Feeds

Ball lightning is all in the mind, say Austrian physicists

Thunderstorms' magno-field causes brain to malfunction

A new approach to endpoint data protection

Physicists in Austria say they have solved the conundrum of "ball lightning", mysterious glowing spherical apparitions which baffled boffins have struggled to explain for centuries.

According to Josef Peer and Alexander Kendl of the University of Innsbruck, there is in fact no such thing as ball lightning in reality. Rather, powerful magnetic fields created by ordinary lightning affect the brains of humans nearby so that they see things which aren't there.

According to Peer and Kendl's calculations, a certain type of long-lasting repetitive lightning strike emits magnetic fields very similar to those used in transcranial magnetic stimulation (TMS) - a medical technique use to hotwire activity in the brain.

“In the clinical application of TMS, luminous and apparently real visual perceptions in varying shapes and colors within the visual field of the patients and test persons are reported and well examined,” says Kendl.

Thus the right kind of lightning strike nearby affects people's brains, accounting for long-accumulated reports of mysterious "ball lightning" phenomena during thunderstorms. Scientists have always struggled to explain just how these strange glowing spheres would be generated and sustained: it now appears at least possible that they aren't, in any physical sense.

Apparently an artificially induced image in the brain is called a "phosphene". Kendl adds:

“An observer located within few hundred metres of a long lightning stroke may experience a magnetic phosphene in the shape of a luminous spot."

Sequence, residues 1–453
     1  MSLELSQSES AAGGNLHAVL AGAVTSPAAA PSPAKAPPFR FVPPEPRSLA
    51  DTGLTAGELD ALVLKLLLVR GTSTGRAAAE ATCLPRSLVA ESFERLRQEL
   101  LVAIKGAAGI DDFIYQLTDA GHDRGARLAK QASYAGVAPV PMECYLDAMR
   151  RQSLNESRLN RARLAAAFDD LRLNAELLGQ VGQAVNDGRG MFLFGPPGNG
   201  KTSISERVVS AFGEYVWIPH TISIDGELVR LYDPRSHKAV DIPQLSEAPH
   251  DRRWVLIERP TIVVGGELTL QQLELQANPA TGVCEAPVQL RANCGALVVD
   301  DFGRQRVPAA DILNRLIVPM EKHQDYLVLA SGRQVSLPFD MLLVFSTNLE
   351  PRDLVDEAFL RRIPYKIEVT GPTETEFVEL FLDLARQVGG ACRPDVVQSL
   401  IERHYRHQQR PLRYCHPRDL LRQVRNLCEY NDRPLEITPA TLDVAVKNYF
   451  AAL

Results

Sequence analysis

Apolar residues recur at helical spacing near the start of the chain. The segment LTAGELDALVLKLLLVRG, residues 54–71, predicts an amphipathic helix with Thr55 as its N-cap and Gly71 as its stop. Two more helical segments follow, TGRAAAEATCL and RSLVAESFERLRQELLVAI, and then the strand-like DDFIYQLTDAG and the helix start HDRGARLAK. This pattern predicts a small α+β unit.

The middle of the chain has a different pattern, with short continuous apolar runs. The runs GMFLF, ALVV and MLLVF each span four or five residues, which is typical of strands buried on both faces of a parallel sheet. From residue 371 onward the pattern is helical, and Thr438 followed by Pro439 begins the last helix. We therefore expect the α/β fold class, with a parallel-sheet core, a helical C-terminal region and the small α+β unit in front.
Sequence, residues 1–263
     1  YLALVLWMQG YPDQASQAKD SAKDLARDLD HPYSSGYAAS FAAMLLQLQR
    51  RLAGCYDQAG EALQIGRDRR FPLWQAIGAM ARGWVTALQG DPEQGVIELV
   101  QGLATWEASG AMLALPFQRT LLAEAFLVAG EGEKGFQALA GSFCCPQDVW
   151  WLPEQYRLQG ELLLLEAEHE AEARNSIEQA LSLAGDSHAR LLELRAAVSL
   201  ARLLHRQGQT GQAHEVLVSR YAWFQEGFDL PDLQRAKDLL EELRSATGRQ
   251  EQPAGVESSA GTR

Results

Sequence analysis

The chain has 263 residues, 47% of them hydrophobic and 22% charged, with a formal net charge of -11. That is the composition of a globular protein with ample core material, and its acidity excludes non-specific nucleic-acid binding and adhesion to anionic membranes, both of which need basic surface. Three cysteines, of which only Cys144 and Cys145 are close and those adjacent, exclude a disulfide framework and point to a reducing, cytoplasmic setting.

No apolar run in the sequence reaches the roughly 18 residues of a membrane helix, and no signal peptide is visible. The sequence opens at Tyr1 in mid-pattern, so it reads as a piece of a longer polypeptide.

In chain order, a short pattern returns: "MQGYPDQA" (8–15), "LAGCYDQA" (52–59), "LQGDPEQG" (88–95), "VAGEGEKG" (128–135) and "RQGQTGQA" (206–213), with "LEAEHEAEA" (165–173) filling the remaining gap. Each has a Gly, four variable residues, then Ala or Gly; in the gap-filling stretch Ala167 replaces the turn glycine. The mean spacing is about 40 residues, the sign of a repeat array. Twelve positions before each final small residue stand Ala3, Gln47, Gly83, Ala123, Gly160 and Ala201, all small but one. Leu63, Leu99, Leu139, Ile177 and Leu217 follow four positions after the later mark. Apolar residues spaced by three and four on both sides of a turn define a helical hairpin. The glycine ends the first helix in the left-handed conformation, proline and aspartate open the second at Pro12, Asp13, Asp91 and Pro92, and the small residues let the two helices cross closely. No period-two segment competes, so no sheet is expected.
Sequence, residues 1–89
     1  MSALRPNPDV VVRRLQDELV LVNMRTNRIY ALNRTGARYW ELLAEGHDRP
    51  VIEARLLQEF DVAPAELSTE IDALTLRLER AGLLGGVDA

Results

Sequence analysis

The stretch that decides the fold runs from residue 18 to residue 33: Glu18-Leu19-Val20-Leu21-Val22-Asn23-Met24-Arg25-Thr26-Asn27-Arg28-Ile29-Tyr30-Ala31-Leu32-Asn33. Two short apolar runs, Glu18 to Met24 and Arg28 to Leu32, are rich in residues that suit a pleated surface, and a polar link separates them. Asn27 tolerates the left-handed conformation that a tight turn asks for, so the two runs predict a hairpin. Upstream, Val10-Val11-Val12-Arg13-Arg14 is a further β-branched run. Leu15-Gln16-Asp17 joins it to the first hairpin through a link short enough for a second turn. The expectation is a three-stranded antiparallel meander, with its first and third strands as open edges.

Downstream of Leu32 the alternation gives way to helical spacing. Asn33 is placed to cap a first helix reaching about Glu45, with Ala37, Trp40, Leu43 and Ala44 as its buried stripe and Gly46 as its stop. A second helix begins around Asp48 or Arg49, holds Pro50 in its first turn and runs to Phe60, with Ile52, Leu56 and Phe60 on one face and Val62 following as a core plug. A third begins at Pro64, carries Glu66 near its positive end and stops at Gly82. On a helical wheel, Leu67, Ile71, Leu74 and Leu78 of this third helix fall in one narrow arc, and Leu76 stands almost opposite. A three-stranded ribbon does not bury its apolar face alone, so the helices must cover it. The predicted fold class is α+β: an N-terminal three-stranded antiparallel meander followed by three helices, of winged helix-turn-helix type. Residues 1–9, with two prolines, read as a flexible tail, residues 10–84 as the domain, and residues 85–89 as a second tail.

The physicist says that this is much the simplest and likeliest explanation for ball lightning.

“Contrary to other theories describing floating fire balls, no new and other suppositions are necessary," he says, uncompromisingly.

The two boffins' paper is to be published in the journal Physics Letters A. It can also be read here. ®

The Essential Guide to IT Transformation

More from The Register

next story
Just TWO climate committee MPs contradict IPCC: The two with SCIENCE degrees
'Greenhouse effect is real, but as for the rest of it ...'
Asteroid's DINO KILLING SPREE just bad luck – boffins
Sauricide WASN'T inevitable, reckon scientists
Brit amateur payload set to complete full circle around PLANET EARTH
Ultralight solar radio tracker in glorious 25,000km almost-space odyssey
Boffins spot weirder quantum capers as neutrons take the high road, spin takes the low
Cheshire cat effect see neutrons and their properties walk different paths
NASA Mars rover FINALLY equals 1973 Soviet benchmark
Yet to surpass ancient Greek one, however
Famous 'Dish' radio telescope to be emptied in budget crisis: CSIRO
Radio astronomy suffering to protect Square Kilometre Array
prev story

Whitepapers

7 Elements of Radically Simple OS Migration
Avoid the typical headaches of OS migration during your next project by learning about 7 elements of radically simple OS migration.
Implementing global e-invoicing with guaranteed legal certainty
Explaining the role local tax compliance plays in successful supply chain management and e-business and how leading global brands are addressing this.
Consolidation: The Foundation for IT Business Transformation
In this whitepaper learn how effective consolidation of IT and business resources can enable multiple, meaningful business benefits.
Solving today's distributed Big Data backup challenges
Enable IT efficiency and allow a firm to access and reuse corporate information for competitive advantage, ultimately changing business outcomes.
A new approach to endpoint data protection
What is the best way to ensure comprehensive visibility, management, and control of information on both company-owned and employee-owned devices?